Thank You NAFTA for Higher Wages and More Jobs

September 14th, 2017

Critics and skeptics continue to decry free trade agreements (FTAs), claiming that they disadvantage American workers, despite the fact that history has shown to be false. For example, a 2010 study by the U.S. Chamber of Commerce found that FTAs have increased U.S. economic output by $300 billion and, thus, have supported 5.4 million U.S. jobs. With the exception of the multilateral trade liberalization in 1947, this is unprecedented for a budget neutral U.S. government initiative.

The North American Free Trade Agreement (NAFTA) provides an excellent example of how free trade benefits the United States, and specifically American workers. Since NAFTA was enacted almost 24 years ago, employment and wages are both up.

According to the U.S. Bureau of Labor Statistics, between January 1994 – when NAFTA was enacted – and March 2014, the U.S. added almost 25 million net new jobs. Data from the Bureau of Labor Statistics unemployment calculator shows that in the period directly after NAFTA was enacted until 2007, the U.S. unemployment rate averaged 5.1 percent. Conversely, in the same period of time prior to NAFTA being enacted (1982-1993), the unemployment rate averaged 7.1 percent. Additionally, in 2014 U.S. real wages were 12.6 percent higher than pre-NAFTA levels.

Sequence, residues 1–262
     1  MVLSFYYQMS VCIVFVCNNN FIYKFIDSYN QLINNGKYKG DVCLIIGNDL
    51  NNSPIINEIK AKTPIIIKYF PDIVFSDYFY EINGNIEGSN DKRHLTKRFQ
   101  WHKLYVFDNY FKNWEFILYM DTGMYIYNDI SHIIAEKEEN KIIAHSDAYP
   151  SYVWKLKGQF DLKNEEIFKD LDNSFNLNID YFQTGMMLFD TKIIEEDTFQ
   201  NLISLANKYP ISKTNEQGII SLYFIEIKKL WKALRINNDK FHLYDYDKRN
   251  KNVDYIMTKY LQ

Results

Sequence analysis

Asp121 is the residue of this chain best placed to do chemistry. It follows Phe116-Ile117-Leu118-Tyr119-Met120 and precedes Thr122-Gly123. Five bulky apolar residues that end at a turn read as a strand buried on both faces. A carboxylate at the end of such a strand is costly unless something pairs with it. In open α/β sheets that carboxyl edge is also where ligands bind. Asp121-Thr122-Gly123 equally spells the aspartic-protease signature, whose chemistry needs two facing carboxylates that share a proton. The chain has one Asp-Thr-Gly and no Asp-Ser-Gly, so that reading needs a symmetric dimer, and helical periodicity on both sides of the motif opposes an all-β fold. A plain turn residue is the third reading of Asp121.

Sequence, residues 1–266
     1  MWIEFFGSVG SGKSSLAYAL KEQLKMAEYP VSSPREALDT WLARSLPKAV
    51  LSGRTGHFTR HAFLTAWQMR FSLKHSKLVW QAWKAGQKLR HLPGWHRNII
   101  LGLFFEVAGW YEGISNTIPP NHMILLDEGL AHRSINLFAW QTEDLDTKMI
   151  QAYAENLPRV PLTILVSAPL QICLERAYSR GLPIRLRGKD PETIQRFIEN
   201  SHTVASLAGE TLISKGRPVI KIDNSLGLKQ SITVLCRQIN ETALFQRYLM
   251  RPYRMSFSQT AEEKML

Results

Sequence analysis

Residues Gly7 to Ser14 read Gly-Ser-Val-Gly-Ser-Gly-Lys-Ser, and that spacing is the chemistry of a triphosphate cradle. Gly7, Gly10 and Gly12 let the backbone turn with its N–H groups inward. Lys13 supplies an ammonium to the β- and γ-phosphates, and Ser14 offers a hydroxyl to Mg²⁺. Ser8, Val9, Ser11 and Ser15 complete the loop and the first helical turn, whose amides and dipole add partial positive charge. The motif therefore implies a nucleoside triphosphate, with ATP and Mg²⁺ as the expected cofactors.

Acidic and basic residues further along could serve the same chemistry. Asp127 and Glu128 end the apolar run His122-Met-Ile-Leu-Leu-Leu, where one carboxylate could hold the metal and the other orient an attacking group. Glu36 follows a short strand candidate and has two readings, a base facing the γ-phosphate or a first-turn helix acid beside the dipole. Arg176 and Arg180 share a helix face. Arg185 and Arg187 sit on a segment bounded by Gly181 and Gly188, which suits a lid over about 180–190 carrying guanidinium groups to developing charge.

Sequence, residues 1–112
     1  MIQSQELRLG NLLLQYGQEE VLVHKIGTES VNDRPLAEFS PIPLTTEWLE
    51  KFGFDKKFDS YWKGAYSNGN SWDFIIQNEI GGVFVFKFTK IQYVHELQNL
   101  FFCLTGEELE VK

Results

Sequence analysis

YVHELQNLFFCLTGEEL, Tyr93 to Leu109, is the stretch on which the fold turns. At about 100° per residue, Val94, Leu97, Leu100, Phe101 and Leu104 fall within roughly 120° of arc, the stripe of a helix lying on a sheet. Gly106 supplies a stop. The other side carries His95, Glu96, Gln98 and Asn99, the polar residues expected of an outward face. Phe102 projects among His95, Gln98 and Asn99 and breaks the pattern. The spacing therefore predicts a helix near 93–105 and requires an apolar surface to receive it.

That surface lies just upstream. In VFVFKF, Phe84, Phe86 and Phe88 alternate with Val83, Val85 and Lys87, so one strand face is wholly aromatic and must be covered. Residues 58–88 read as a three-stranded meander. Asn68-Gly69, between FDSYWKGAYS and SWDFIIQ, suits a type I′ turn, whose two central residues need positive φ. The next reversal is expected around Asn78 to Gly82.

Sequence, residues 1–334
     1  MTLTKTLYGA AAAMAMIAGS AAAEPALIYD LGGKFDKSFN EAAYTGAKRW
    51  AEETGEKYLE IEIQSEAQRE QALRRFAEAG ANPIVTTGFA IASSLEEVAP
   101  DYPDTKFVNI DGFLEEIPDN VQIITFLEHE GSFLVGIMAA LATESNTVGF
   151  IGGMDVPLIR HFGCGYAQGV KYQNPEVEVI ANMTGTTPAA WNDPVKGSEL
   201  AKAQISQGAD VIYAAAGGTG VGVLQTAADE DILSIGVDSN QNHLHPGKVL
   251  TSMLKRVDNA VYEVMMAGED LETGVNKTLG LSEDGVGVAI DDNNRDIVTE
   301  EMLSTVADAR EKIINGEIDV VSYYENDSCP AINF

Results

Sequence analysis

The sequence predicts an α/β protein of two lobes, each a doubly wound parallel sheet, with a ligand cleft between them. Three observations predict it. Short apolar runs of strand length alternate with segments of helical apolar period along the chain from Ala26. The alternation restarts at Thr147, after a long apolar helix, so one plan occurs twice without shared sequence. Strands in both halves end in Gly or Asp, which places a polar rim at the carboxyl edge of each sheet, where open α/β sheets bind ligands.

The Mexican and Canadian markets are crucial to America’s export industries. In 2015, the International Trade Administration estimated that 11.5 million jobs were sustained by exports (goods and services); 6.7 million of those jobs were specifically supported by the export of U.S. goods. The leading supporters of these U.S. jobs were our NAFTA trade partners with Canada supporting 1.2 million jobs and Mexico supporting 968,000 jobs in 2015 alone. In other words, Canada and Mexico supported 32 percent of all goods export-supported jobs in the United States.

American workers have reaped massive benefits from FTAs, specifically NAFTA. Freedom of trade with Mexico and Canada directly supports millions of U.S. jobs and has been instrumental in reducing America’s unemployment rate while increasing wages for U.S. workers. Rather than talking about repealing NAFTA, politicians in Washington, DC should be considering ways to expand trade with our North American neighbors.